THE CHOKLATE MIXTAPE
By Kalamu ya Salaam of Kalamu.com
Sunday, December 20, 2009.
Pop music is funny. Almost by definition the songs are about avoiding reality, about having fun and forgetting about the day to day. Almost. Except at its best, pop music is a snapshot of the times—the moments we all have. Sad or mad, lonely or happy together, upset or on cloud nine. The moments of life we all have.
When pop music is really good, the vibes the music gives us perfectly encapsulate the zeitgeist, the way we be, what we feel, how we see the world in our own space and time. Perfectly. And that’s when the music becomes popular for real. Sometimes even timelessly popular. Timeless because no matter the calendar year, some situations remain current, some emotions change only in detail; their essences remain remarkably consistent from individual to individual, century to century. This commonality is what the best popular artists tap into.
From time to time, an artist can luck up on hitting the vein but to consistently be on-the-one an artist has to work at crafting her music. I believe Choklate is reaching for and approaching that degree of relevance.
On the one hand, she is writing about what most of us feel: the frustrations of the daily grind, the elation when we connect with a soul mate—even if it’s only a brief hook-up, the dreams of succeeding at making our life meaningful, the profound hurt of betrayal in love, the profound healing that love can provide. All of that and more of that. Except Chokolate seems to be moving beyond clichés, beyond simply stating “I’m huring,” “I’m in love,” “I’m good/not doing good.”
Choklate’s songs aim to bring fresh lyrics to ordinary conundrums and experiences. She is a West Coast singer/songwriter who was born Kolesta Moore in Seattle and grew up in San Diego. She has a degree in graphics design from Highline Community College where she was both the student government president and president of the Black Student Union. She also has a certificate in nursing and experience in office management.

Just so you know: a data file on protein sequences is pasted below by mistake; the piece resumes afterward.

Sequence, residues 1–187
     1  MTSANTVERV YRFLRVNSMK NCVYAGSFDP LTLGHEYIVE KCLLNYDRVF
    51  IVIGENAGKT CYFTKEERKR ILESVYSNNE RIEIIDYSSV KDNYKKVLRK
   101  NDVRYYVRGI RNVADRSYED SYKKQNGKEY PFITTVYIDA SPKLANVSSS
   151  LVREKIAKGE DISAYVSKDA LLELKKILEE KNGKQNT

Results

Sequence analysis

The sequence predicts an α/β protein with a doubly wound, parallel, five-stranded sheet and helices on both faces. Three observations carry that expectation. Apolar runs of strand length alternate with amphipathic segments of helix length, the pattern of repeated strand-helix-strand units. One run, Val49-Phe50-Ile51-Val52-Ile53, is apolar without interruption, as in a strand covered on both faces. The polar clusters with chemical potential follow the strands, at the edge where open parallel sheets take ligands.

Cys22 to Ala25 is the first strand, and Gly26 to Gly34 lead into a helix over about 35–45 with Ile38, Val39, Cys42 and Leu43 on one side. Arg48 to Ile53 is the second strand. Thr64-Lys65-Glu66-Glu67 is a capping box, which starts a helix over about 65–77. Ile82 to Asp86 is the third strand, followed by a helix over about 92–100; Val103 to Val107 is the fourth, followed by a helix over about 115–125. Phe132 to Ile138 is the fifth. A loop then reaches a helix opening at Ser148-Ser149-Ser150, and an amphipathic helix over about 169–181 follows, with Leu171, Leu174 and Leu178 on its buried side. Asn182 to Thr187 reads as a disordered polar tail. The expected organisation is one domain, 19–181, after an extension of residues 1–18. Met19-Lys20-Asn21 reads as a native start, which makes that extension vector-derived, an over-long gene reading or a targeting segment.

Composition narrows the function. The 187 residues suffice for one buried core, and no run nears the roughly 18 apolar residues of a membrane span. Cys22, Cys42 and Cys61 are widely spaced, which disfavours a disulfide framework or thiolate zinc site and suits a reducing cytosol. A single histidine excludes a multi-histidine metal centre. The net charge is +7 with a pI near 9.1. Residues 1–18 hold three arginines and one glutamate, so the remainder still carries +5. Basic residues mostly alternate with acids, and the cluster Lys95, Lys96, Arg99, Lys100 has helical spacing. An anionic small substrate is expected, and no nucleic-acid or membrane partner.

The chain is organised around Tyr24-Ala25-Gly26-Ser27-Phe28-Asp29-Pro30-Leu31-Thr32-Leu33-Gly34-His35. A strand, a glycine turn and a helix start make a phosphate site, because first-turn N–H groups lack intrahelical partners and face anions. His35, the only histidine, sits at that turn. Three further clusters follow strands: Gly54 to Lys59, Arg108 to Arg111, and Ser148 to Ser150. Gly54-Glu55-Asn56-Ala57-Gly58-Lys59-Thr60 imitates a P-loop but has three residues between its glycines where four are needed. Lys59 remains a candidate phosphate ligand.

Unlike many, she didn’t grow up singing. She was in her twenties before she went into the recording booth. She was living with her brother when she first returned to Seattle. He had a recording studio in his basement and numerous Seattle artists frequented his studio. Choklate would hang around after work and one thing led to another. She was hanging around when there was a need for a vocalist. She was asked to give it a go and she hasn’t stopped since.
Her self-titled 2006 debut release made ripples in the underground scene. Critics called it “fresh,” “new,” “real soul music.” But of course the real test was going to be the sophomore release. Was Choklate simply sharing her coming of age story or did she possess the vision of an artist? A mixtape featuring Choklate along with a number of Northwest artists surfaced but fans were still looking for a full-length album.
Then in 2009, Choklate dropped To Whom It May Concern and the jury came back with a guilty verdict. She did it! And she did it her way: she wrote the songs, selected the beats and did all the basic arrangements. Virtually self-producing all aspects of the recording session was a gutsy chance to take with a sophomore release, the album that is generally considered the hardest album to produce. Big kudos to Choklate for beating the curse.
Choklate still has a lot of growing to do. She has a strong voice that would benefit immensely from professional vocal coaching. Also, a deeper study of music theory would enable her to introduce more variety, harmonically. But then again, she may never have gotten as far as she has if she had gone the formal education route.
So check her out. Give a listen to an old school approach to contemporary conditions. Choklate’s from a time when singing was about expressing yourself in your own way not about trying to emulate what’s popular at the moment. Hopefully she will keep growing, keep reaching, and keep being her own beautiful black woman self.
…my music comes from a real genuine place. I try to find a way lyrically to express moments that often times don’t have words: like having the blues about something that is good. Lately, my motto has been my complaints are someone else’s dreams. If the average person stopped and thought about their life and supposed they were in a third world country, they would realize someone is dreaming about what they are complaining about. So, I try to creatively talk about things other than love… like a regular human experience. You may not find as many love songs on my record. You may find something like a song about not knowing where your head is or procrastinating. Songs about love are so massive and important in this genre but commercial music doesn’t address them appropriately.
Kalamu ya Salaam is a writer, musician and film-maker based in New Orleans, USA.